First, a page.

LOS ANGELES — Students filed into Chris Cox's dim classroom at Daniel Webster Middle School in Los Angeles' Sawtelle neighborhood, took their seats, and immediately began working on a language arts warmup exercise.
While Cox took roll, the eighth-graders silently worked. When they went over the answers, students raised their hands and waited to be called on.
Down the corridor, seventh-graders streamed into Brent Walmsley's classroom and took over. Some sat on table tops; others wandered the room.
As Walmsley took attendance, one boy brushed his hair, three girls sucked on lollipops while one sang Pink Dollaz's "Lap Dance," and a boy in the last row unleashed a barrage of spitballs.
Same school, same day, similar students, similar teachers — yet profoundly different behavior.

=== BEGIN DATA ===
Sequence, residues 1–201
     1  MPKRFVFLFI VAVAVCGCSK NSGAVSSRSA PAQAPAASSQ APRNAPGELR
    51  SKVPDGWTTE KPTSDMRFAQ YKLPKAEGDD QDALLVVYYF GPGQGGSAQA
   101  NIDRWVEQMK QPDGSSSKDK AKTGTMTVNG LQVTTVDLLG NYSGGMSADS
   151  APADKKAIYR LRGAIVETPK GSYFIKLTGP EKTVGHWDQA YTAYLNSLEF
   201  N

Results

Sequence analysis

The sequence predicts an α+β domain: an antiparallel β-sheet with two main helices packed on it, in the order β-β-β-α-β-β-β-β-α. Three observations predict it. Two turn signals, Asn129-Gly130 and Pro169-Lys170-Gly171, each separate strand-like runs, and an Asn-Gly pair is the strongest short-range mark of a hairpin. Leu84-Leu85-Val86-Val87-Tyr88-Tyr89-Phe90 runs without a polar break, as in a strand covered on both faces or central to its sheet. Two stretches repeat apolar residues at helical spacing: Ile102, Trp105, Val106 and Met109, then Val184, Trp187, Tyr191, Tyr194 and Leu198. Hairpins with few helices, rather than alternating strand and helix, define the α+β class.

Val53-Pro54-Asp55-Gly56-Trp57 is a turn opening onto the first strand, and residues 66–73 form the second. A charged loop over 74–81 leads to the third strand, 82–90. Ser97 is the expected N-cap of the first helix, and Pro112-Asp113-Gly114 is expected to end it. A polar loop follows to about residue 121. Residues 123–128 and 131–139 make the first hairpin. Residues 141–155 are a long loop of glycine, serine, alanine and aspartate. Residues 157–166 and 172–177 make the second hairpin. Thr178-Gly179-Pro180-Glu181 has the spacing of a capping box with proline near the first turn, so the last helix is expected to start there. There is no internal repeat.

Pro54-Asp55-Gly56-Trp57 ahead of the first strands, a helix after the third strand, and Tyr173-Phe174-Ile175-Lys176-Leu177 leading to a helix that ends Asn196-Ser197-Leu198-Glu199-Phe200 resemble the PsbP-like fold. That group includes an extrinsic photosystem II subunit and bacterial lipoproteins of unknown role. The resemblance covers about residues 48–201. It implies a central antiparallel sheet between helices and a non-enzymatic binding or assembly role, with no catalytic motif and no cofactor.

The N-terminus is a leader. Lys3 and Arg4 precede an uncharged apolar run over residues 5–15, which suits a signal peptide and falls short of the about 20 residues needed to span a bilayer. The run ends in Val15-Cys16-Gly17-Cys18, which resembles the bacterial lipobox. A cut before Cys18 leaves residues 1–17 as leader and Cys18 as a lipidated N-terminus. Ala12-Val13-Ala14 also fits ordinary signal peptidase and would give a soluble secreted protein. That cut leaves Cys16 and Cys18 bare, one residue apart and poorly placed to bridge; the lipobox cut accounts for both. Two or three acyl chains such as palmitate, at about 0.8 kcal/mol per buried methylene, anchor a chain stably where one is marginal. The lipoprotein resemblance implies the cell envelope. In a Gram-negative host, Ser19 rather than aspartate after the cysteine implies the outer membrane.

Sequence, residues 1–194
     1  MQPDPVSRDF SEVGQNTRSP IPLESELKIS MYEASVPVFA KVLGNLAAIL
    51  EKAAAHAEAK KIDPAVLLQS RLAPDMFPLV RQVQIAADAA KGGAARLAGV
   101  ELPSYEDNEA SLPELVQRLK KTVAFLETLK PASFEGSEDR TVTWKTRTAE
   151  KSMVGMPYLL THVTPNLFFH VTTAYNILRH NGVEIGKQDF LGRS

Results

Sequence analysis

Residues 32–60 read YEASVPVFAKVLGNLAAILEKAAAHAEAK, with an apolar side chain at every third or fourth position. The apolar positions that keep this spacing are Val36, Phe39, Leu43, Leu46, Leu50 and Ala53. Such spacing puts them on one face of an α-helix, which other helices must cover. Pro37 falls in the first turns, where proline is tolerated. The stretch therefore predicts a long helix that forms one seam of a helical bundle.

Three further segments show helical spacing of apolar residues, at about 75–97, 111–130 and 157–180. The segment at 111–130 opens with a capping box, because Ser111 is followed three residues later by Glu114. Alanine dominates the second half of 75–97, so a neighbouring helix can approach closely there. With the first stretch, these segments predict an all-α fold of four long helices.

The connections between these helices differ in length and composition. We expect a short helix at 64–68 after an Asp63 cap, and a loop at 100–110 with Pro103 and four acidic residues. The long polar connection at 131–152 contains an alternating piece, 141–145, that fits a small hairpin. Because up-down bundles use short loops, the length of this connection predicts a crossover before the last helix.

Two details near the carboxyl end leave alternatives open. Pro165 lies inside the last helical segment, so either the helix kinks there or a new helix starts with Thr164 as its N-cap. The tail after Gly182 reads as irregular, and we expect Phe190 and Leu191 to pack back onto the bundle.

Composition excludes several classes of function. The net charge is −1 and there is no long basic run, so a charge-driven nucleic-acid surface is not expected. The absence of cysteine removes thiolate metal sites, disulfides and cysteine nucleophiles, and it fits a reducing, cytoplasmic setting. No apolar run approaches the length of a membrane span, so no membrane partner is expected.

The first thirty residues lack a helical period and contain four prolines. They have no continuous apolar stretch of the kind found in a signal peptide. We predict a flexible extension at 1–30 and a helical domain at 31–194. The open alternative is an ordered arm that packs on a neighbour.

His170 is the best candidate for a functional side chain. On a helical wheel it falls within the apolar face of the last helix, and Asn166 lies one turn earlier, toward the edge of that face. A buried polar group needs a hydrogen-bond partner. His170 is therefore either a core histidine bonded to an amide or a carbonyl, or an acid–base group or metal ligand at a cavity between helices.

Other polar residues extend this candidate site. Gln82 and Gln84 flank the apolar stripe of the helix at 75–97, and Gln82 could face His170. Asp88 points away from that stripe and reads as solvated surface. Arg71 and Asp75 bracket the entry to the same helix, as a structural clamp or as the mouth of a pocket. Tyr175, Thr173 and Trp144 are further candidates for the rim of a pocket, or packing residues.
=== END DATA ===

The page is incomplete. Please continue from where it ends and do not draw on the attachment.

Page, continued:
Educators, administrators and experts say classroom management — the ability to calmly control student behavior so learning can flourish — can make or break a teacher's ability to be successful.
"It is probably one of the things that's least understandable and most complex about teaching," said Randi Weingarten, president of the American Federation of Teachers. "This is the hardest skill to master."
Among the top reasons why teachers are deemed unsuccessful or leave the profession is their inability to effectively manage their classrooms, according to records and interviews.
Many California teachers who were fired and contested termination to a state panel were cited for poor classroom management, among other issues, according to a Los Angeles Times analysis conducted last spring. Study after study confirms the importance of classroom management.
But unlike teaching calculus or chemistry, there is no single best practices method for managing a classroom.
Experts agree on a handful of guidelines: Teachers must be consistent in their message and consequences, lay a strong foundation of expectations early in the school year, follow through with promised punishments when children misbehave, and remain dispassionate and unflappable.